Membership in the local chapter is free, Weaver adds, while a “very reasonable” $25 pays for a year of national membership that unlocks resources such as lesson plans and practice tests.
As the local group meets virtually this semester through Microsoft Teams, members are participating in professional development, watching and discussing online TED talks and chatting about “different topics that are kind of controversial in education right now so that we see where we stand.”
Plans also are in motion to connect with DeKalb and Sycamore high schools to mentor students who are thinking about becoming teachers.
“It’s less about recruitment and more about engaging those students and opening their eyes to the whole field of education,” says Wright, who wishes her high school would have offered a club for future teachers. “It’s about educating younger students on what education is, all of the opportunities that education can lead to and how important good teachers really are.”
“When I first came to NIU, I had no idea really what I was getting myself into,” she says.
“I knew I wanted to change lives, and to be a person in a classroom where I could teach young kids the little simple things they were going to use down the road for the rest of their lives, but I didn’t really know how classes worked or what I would learn,” she adds. “I’m hoping to mentor to those high school students so that they at least have some sort of idea of what they’re getting themselves into.”
Joining Educators Rising shows that “we care more,” Wright says, “that we care so much about our students, the way we treat them and the way we teach them.”
“It demonstrates that we’re really dedicated to the field,” Weaver adds. “We always preach to our students to become lifelong learners, but we are lifelong learners ourselves. We are becoming engaged in the field, and we are doing all the professional development we can because we want to become the best people we can be.”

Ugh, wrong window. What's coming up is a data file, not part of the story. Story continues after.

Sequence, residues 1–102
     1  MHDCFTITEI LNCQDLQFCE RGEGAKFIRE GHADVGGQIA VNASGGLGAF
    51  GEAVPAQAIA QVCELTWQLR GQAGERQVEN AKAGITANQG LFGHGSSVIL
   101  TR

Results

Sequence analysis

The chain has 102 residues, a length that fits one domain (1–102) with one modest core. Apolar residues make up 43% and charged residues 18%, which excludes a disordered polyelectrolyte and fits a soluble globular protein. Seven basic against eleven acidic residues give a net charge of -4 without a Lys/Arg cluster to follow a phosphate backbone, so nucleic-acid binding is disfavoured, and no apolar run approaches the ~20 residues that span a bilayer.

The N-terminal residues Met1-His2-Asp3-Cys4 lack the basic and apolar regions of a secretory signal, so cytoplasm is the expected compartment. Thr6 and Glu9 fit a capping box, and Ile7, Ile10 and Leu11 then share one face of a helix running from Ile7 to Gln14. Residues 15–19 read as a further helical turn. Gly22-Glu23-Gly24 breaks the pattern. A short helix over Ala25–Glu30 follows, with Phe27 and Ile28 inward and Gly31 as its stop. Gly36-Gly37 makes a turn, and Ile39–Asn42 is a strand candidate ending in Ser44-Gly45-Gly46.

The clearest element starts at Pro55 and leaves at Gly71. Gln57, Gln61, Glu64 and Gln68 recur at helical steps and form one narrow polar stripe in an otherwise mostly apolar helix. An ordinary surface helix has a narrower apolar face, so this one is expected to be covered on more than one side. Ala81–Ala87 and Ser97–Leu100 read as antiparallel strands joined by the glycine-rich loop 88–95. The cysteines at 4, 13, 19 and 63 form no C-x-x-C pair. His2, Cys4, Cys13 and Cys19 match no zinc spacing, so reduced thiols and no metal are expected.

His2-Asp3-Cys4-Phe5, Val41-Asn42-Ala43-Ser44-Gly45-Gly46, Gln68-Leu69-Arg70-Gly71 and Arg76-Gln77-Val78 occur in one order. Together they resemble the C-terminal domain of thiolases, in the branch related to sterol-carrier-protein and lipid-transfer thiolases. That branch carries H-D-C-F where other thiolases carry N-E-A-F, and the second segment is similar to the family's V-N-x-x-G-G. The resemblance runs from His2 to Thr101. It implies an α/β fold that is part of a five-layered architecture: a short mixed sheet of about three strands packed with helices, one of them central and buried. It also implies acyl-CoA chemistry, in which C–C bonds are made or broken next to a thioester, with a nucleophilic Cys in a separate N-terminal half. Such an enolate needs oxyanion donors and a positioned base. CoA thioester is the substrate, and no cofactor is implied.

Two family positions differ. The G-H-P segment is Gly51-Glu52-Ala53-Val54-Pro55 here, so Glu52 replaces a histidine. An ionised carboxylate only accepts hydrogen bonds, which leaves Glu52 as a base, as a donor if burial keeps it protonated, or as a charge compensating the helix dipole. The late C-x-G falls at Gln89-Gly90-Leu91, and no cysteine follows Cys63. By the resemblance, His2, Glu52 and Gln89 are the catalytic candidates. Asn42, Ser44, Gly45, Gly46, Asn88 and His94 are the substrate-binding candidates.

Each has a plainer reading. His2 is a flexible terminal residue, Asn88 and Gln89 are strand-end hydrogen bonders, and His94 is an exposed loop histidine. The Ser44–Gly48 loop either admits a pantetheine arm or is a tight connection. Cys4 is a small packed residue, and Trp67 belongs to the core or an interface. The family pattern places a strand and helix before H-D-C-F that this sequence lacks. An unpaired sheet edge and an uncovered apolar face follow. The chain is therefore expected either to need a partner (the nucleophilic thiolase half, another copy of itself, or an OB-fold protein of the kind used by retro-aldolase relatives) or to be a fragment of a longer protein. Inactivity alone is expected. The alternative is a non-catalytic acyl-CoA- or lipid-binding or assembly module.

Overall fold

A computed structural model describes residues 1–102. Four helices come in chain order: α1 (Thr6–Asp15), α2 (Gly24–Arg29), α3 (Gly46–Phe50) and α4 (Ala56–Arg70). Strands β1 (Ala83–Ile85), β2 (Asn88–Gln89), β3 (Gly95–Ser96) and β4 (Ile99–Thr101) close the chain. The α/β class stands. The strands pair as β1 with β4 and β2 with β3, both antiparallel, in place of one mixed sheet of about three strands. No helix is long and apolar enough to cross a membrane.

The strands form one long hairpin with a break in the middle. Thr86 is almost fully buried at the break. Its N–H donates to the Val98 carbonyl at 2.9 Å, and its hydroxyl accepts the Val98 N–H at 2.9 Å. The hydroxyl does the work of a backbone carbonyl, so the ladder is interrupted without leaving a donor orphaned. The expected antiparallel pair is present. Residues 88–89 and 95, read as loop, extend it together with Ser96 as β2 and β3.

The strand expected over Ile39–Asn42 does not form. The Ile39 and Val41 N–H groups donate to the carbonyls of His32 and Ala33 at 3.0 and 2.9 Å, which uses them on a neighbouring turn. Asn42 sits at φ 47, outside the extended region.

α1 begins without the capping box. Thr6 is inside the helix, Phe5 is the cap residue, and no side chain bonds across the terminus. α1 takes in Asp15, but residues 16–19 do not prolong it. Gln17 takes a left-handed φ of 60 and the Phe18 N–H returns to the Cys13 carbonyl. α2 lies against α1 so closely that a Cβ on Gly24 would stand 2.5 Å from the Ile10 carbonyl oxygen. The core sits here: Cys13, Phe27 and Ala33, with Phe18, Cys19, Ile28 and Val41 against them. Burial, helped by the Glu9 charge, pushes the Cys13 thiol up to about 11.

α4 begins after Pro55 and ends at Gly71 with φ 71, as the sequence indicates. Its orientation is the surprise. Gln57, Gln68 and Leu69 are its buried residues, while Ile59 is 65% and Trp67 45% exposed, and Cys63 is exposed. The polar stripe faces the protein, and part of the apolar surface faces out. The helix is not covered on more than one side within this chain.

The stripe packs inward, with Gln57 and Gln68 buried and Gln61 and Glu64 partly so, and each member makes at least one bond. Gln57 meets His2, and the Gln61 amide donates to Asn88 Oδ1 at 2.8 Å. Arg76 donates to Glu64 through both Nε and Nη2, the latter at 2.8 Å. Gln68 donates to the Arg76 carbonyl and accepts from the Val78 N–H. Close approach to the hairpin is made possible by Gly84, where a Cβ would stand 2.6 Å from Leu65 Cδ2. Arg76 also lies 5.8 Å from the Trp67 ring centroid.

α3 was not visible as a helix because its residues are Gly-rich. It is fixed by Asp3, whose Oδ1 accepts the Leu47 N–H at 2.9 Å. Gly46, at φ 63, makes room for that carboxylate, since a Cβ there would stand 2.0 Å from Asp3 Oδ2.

Tofte, who grew up in rural Caledonia, Ill., says it “comes down to developing us as professionals” equipped to enact “the changes we want to see in education that benefit everybody.”
“In the educational field, we’ve done a really good job of bridging that gap between teachers and parents, but between teachers and administration, and teachers and government, I feel like that there’s still a big gap,” Tofte says.
“I think Educators Rising – getting us into the professional development, getting us into the speaking, getting us into the national conference – gets our voices out there as educators,” she adds, “people with experience in the classroom who know what’s working, what’s not working and what we need to change, not just with our students, schools or communities but nationwide.”
Beyond the practical, Educators Rising also provides camaraderie and an environment where all voices are encouraged, heard and valued to foster constructive and positive change.
“My biggest takeaway from all of this is that I’ve learned how important collaboration really is,” Wright says.
“I have always been a very independent student. I’ve never liked to rely on other people. Group projects were the death of me, up until I got to college and learned I had to adapt,” she adds. “In Educators Rising, I have become such a collaborative person, and I’m proud I have grown to be somebody who used to be dependent on myself but who now knows I can depend on my peers.”